Birth of the Eye by Justinas Vitkus

The flash fiction that follows was inspired by the artwork “Birth of the Eye,” by Justinas Vitkus. If you’d like to see more, check out his profile on DeviantArt.

The Stolen Moon

When the largest of the planet’s three moons finally slid free of the horizon, everyone on the research team looked up in awe.

“I don’t think that moon always belonged to this planet,” Senior Geologist Shayna Darris said.

“The hell are you mumbling about?” Mission Commander Jason Haze snapped, barely glancing up from putting together a portable security turret. “Get back to work, all of you. It’s going to be dark soon.”

“Take a chill pill, Commander,” one of the mechanics shot back. “There’s nothing hiding in the dark. Sit back and enjoy the moonrise.”

“Surely you see it too,” Darris said, nodding toward the massive red moon, its face dominated by a circular impact crater.

“See what? It’s a moon, for Star Mother’s sakes! The system surveys say it’s always been there.”

“2B6V is tidally locked. If it’s always been there, how did it get that impact crater?”

Haze shrugged in annoyance. “I dunno. Maybe it collided with the planet at some point.”

Poorly suppressed laughter bubbled up from the surrounding research team as the group continued about their tasks.

“The hell’s so funny?” Haze demanded.

“So 2B6V and this planet just bumped uglies and then decided to call it quits?” one of the navigators drawled. “Did you skip planetary physics or something?”

“I majored in weapons systems,” Haze growled. “Planetary physics are the reason we employ smartasses like you.”

“Think about it,” Darris pressed. “The moon is tidally locked. It always shows the same face to the planet. Yet somehow there’s a huge impact crater facing us.”

“This is pointless,” Haze grated.

“They taught you about trajectories in your weapons systems classes, yes?” the Chief Navigator asked. “What path would have been taken by the object that created that crater?”

“Think about the shape of the impact and what it tells you about the angle of approach,” Darris prompted. “Think about where this planet is in regards to that approach.”

The entire camp went silent, several dozen engineers, technicians, and field researchers collectively holding their breath for the explosion. Over the course of the mission, the volatility of Haze’s temper had become legendary. It was rivaled only by his lack of understanding of basic scientific concepts.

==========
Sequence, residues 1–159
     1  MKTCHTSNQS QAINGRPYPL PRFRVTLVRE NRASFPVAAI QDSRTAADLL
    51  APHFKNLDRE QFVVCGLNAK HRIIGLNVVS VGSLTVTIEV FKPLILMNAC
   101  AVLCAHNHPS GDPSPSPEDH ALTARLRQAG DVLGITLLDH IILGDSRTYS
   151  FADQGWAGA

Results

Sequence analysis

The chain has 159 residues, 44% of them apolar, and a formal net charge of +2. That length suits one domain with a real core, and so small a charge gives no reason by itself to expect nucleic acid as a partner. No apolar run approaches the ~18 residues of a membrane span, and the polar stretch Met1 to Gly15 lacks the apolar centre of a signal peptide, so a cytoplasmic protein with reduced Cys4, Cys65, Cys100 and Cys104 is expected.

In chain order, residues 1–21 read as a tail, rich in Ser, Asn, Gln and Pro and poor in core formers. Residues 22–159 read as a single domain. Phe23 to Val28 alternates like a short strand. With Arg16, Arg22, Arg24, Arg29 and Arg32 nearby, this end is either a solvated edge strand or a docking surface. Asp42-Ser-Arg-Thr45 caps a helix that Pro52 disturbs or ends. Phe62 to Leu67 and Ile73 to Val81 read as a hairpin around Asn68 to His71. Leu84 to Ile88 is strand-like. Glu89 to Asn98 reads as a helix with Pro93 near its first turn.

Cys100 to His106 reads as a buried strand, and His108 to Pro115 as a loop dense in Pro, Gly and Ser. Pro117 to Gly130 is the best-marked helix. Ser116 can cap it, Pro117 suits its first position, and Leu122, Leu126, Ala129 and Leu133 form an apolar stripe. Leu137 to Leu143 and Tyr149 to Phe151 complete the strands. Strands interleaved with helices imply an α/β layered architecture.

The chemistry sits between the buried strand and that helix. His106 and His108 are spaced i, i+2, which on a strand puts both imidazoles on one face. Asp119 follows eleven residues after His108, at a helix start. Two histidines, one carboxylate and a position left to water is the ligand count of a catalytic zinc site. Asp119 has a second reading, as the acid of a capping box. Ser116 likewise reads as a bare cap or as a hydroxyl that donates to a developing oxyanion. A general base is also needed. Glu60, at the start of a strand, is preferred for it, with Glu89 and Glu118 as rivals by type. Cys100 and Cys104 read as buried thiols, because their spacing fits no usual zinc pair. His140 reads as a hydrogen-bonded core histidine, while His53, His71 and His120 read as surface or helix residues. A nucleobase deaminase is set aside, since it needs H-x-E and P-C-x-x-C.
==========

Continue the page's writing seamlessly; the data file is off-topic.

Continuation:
Slowly Haze rose to his feet. “That is it,” he said softly. Bodies tensed as he reached for his sidearm, the nearest engineers preparing to tackle him if he moved to draw it. But instead the officer spun on his heel and marched off toward the rear of their landing craft.

“The hell was that?” someone asked in the ensuing stunned silence.

“I think we all just witnessed our dear leader snap,” the Chief Engineer quipped.

The group returned to their tasks, their jovial mood somewhat subdued. The giant moon slid higher into the sky, filling the surrounding plain with its spectral glow.

“Did– did that sound like a gunshot to you?” one of the engineers said to his companion.

“Kind of muffled for a gunshot,” the other engineer replied skeptically.

“Where’s Haze?” Darris asked, standing up from the sleep pod she’d been constructing.

Portable lights in hand, several crew members traced their leader’s tracks around the back of the lander. The footprints continued down a gentle slope and into a narrow depression that ran between weathered ridges of stone. After several twists and turns, the canyon ended at a jagged wall. The commander’s body sat slumped in the sand at its base, the back of his head splattered across the grey stone.

The stolen moon continued on its stately course across the sky, unmoved.

—Flash Fiction: The Stolen Moon © 2018 by Leland Lydecker

Liked this? Please consider buying one of my books or supporting me on Patreon.
Become a patron at Patreon!

Leave a Reply

Your email address will not be published. Required fields are marked *

You may use these HTML tags and attributes:

<a href="" title=""> <abbr title=""> <acronym title=""> <b> <blockquote cite=""> <cite> <code> <del datetime=""> <em> <i> <q cite=""> <s> <strike> <strong>